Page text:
Publication Date


Document Type


First Advisor

Blackstone, Neil W.

Degree Name

M.S. (Master of Science)

Legacy Department

Department of Biological Sciences


Biology; Ecological disturbances--Research; Octocorallia--Climatic factors--Research; Coral reef ecology--Climatic factors--Research; Oxidation-reduction reaction--Research


Coral reefs are susceptible to climate change through bleaching, which is often caused by increases in ocean temperatures and light. Perturbation causes symbiotic dinoflagellates, Symbiodinium spp., that inhabit the coral to become stressed and lost. Bleaching begins with the perturbation of photosynthesis, but the actual site of damage is not clear. Chlorophyll fluorescence in living symbionts provides insight into the redox state of photosystem II and hence possible sites of damage. Using fluorescent microscopy, the relative chlorophyll fluorescence of individual symbionts was measured in control and thermally perturbed colonies of three species of alcyonacean octocoral, Phenganax parrini, Sarcothelia sp., and Sympodium sp. Individual colonies were cultured under standard conditions and images of three areas of coenenchyme per colony were obtained. The control colonies were then returned to standard culture conditions, while the thermally perturbed colonies were placed in an incubator. After 30 minutes, images of the same three areas of both colonies were acquired. For each area of coenenchyme, the fluorescence of the same symbionts was measured in images taken before and after experimental treatments. This allowed for changes in the fluorescence of individual symbionts to be followed over time. In all three species, control and thermally perturbed colonies generally showed increased chlorophyll fluorescence, suggesting greater reduction of photosystem II. Merely measuring colonies significantly increased the fluorescence of some symbionts, particularly in Sympodium sp., in which both control and thermally perturbed colonies showed significantly increased fluorescence. On the other hand, in Sarcothelia sp. and P. parrini, thermally perturbed colonies exhibited significantly increased fluorescence while controls did not. Phylogenetic analysis shows that Sarcothelia sp. and Sympodium sp. are closely related xeniids, but are only distantly related to P. parrini. Conversely, P. parrini and Sarcothelia sp. hosted Symbiodinium types D4-5 and D4-5-9, respectively, while Sympodium sp. had a type C1 variant. These results suggest that host genotype is less important and symbiont genotype more important in governing photosystem response to stress, with D type symbionts more resistant to thermal perturbation and C type more sensitive. The hypothesis that greater chlorophyll fluorescence corresponds to greater reduction of photosystem II (PSII) was supported by experiments with the PSII inhibitor dichorophenyl-dimethylurea (DCMU) carried out using similar methods. Measures of oxygen metabolism were used to determine the concentration of DCMU that largely inhibits photosynthesis. Since the effects of thermal perturbation on chlorophyll fluorescence are similar to DCMU, the results suggest that the water splitting reaction is initially unimpaired but, photochemistry is blocked down stream of photosystem II. It is possible that a coral's symbiont clade may help us to predict how coral in the field will react to future effects of climate change.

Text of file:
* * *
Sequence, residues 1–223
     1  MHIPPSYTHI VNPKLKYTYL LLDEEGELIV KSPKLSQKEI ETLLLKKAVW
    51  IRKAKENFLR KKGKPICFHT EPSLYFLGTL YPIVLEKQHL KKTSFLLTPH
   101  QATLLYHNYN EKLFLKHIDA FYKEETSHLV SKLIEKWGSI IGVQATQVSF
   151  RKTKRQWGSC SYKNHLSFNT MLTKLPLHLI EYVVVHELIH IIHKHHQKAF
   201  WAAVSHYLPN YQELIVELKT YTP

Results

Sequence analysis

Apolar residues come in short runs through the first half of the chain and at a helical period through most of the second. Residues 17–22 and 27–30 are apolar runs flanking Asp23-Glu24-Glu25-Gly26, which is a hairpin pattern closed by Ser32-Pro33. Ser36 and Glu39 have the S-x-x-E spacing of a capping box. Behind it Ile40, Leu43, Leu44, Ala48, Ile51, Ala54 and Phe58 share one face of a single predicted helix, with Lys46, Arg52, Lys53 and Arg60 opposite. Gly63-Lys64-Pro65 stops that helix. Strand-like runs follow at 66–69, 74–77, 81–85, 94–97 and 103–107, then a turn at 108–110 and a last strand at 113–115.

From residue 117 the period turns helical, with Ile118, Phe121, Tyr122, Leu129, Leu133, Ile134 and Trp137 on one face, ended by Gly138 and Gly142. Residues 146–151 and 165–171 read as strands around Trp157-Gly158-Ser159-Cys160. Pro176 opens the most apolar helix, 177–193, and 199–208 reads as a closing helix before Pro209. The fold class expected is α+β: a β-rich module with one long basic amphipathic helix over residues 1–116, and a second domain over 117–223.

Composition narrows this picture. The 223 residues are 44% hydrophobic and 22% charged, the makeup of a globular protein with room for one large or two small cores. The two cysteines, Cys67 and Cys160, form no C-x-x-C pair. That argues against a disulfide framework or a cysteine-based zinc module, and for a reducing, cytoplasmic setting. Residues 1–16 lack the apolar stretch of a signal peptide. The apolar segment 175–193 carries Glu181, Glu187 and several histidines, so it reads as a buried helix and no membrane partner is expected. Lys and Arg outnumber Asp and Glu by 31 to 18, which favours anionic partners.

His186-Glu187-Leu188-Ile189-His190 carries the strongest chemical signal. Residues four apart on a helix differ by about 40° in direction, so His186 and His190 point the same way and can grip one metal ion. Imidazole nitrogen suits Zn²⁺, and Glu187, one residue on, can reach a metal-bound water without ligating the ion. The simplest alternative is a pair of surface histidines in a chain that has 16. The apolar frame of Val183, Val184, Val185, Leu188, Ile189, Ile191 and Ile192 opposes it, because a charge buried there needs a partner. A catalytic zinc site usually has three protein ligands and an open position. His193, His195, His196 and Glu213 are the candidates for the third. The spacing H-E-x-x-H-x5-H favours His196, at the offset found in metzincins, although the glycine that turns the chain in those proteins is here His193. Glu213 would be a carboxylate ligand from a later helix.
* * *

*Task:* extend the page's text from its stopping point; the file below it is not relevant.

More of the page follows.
Advisors: Neil Blackstone.||Committee members: Gabriel Holbrook; Holly Jones; Wesley Swingley.


47 pages




Northern Illinois University

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